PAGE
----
Spectacular compiled from two great vocal jazz. Selected 53 great songs, a lot of swing, released 8 May, 2012 on the Rolled Gold Classics label.
Simply one of the greatest live blues albums ever captured on tape. Cut in 1963 at the New Era Club in Nashville, the set finds Etta James in stellar shape as she forcefully delivers her own "Something's Got a Hold on Me" and "Seven Day Fool" interspersed with a diet of sizzling covers ("What'd I Say," "Sweet Little Angel," "Money," "Ooh Poo Pah Doo"). The CD incarnation adds three more great titles, including an impassioned reprise of her "All I Could Do Was Cry." Guitarist David T. Walker is outstanding whenever he solos.
In many ways Etta James resembled a female Ray Charles in her unerring ability to tackle (and sometimes combine) all of the strands of American popular music, from rock & roll to R&B, blues, country, gospel, jazz, and pure pop and soul, while still maintaining a distinct feel and sound that was all her own, and she did this throughout a five-decade career that is impressive for its consistency. This 25-track set (mostly drawn from her time with Chess Records) is hardly definitive (it doesn't have classic James' tracks like "Anything to Say You're Mine," "Don't Cry Baby," "Something's Got a Hold on Me," or the girl group pop of "Two Sides (To Every Story)," for instance, or any of her late-career blues tracks), but it does do a good job of spotlighting James' range and versatility by collecting sides like her signature "At Last," the soul-pop masterpieces "Tell Mama" and "I'd Rather Go Blind," and saucy versions of Willie Dixon's "Spoonful" and Randy Newman's "You Can Leave Your Hat On," all of which offer ample proof that James was one of the best singers of her generation – in any style.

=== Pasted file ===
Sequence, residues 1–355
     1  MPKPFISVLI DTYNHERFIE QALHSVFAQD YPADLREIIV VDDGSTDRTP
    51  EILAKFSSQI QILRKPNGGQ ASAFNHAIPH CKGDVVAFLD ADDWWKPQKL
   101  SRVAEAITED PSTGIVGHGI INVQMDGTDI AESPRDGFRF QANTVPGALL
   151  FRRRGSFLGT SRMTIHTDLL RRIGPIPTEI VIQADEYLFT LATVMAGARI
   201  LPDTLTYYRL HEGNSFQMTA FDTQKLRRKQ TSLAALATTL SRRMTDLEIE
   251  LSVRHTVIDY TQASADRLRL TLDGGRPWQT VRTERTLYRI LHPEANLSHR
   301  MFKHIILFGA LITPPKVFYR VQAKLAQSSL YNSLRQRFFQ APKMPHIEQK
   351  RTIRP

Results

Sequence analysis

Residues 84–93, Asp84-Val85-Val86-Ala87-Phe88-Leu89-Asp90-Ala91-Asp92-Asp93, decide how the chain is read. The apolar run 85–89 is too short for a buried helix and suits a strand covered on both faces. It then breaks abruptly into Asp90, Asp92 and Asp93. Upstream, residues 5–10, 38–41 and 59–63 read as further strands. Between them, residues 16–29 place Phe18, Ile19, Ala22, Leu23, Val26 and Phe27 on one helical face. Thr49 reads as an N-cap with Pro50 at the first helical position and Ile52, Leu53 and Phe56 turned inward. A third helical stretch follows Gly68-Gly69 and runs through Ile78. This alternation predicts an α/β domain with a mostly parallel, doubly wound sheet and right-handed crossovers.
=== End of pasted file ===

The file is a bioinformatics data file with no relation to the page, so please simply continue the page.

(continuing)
After her tough blues and R&B records in the early years of the 21st century – 2003's Let's Roll and 2004's Blues to the Bone – Etta James throws a quiet storm changeup. All the Way's 11 tracks are pop songs – indeed, a few are standards – written between the 1930s and the 1990s. James song choices are curious. The Great American Songbook tunes include the title track (written by Samuel Kahn and Jimmy Van Heusen), Leonard Bernstein's and Stephen Sondheim's "Somewhere" from West Side Story, and even Bob Telson's "Calling You" from the score to the 1987 film Baghdad Cafe – it's been recorded by everyone from Barbra Streisand and Celine Dion to Jeff Buckley and Gal Costa…
As the girl who just wants to have fun, Cyndi Lauper became an '80s music icon with her flamboyant style, powerful baby-doll voice, and quirky songs, but as time and tastes moved on, her playful persona wore thin and attempts at becoming a more serious artist failed to regain her dwindling audience. With At Last, Lauper steps even further away from that playful image to become the girl who just wants to sing as she tackles a set of pop standards that showcase her underrated voice.